Topics covered: Periodic Trends in Elemental Properties
Instructors/speakers: Prof. Sylvia Ceyer
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We were talking about the energies of the various states in a multi-electron atom. And the question is, how do we know what these energies are, experimentally? And the technique that we use to know those energies is something called photoelectron spectroscopy. In principle, it is the same kind of spectroscopy as when we talked about photoemission from a solid, the photoelectron effect explained by Einstein. And, by the way, I put on the website an article that is really very clear about what Einstein's contributions were.
In particular, in explaining the photoelectric effect. And it has some sociology in it, too. It is a really easy-to-read article. I encourage you to take a look at it as a study break sometime. Anyway.
The idea here is the same, the photoelectron spectroscopy off of atoms and molecules. It is the same thing as the photoelectron emission from a solid, in that you send in a photon and that causes an electron to be ejected.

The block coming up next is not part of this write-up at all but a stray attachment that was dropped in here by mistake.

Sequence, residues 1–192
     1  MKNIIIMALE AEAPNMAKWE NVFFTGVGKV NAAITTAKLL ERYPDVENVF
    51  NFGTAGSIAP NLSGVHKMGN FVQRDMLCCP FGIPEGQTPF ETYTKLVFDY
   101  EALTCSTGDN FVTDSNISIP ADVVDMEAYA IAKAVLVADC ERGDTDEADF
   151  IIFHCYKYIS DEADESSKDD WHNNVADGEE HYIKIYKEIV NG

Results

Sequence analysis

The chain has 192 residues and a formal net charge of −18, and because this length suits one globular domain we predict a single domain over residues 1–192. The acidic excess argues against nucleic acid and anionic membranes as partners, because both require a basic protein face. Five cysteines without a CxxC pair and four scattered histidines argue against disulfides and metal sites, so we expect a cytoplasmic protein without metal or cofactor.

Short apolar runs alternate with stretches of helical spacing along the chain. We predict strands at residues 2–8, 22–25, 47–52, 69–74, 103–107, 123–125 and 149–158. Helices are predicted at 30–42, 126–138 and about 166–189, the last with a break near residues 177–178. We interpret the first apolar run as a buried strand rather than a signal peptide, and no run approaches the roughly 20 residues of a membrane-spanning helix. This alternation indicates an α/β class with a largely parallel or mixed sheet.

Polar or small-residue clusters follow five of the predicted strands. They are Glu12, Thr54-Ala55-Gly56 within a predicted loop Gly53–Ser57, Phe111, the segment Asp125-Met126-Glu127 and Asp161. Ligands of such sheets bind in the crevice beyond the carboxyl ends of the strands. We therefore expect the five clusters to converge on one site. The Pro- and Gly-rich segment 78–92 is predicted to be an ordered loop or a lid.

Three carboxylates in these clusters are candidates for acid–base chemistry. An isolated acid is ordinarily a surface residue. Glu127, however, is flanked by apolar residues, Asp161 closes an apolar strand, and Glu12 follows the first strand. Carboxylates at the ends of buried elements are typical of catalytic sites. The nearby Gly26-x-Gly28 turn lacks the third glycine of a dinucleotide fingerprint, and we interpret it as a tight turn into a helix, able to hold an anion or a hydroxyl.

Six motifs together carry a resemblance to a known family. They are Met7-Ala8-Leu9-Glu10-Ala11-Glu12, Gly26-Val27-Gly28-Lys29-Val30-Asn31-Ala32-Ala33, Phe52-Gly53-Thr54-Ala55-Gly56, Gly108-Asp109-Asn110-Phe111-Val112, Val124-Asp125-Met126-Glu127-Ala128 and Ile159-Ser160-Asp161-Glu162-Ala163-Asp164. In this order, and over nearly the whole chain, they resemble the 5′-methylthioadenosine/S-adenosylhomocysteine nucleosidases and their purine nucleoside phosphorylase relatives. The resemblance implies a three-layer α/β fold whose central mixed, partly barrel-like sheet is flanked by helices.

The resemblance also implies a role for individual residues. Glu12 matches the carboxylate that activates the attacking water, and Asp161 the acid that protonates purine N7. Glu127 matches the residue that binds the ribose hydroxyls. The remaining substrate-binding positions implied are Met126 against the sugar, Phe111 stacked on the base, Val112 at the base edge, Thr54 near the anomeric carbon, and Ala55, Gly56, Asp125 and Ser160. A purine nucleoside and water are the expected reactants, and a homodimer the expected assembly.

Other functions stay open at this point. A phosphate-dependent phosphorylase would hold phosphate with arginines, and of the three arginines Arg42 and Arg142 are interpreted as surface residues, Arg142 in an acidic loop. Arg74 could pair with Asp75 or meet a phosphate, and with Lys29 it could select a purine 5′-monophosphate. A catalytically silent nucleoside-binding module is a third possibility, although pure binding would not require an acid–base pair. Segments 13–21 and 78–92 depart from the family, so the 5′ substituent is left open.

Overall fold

But, unlike the solid where we essentially had just one state at a particular energy, in an atom or a molecule, we have many different states with many different energies.
And what we typically do, then, is we send in a photon that will be able to ionize all of those electrons.
That is, it is a photon with enough energy to rip off even the most strongly bound electron.
And so, that photon is typically an X-ray photon.
For example, we take this unsuspecting neon atom, and we bring in an X-ray photon and make neon plus.
And one of the electrons that can come off is, of course, the 2p electron, here, so that the ion configuration is 1s 2 2s 2 2p 5. And then, of course, another possible electron to be pulled off is that 2s electron.
The electron configuration is 1s 2 2s 1 2p 6.
And then, finally, if the photon has enough energy, we can pull off the 1s electron, to make the 1s 1 2s 2 configuration, 2s 2p6 configuration.
And what we then do in this technique is we measure the kinetic energies of all the electrons that come off.
We measure the kinetic energies and disperse them so that we get a plot of the number of electrons with a particular kinetic energy. The plot is what I show you here, number of electrons versus the kinetic energy.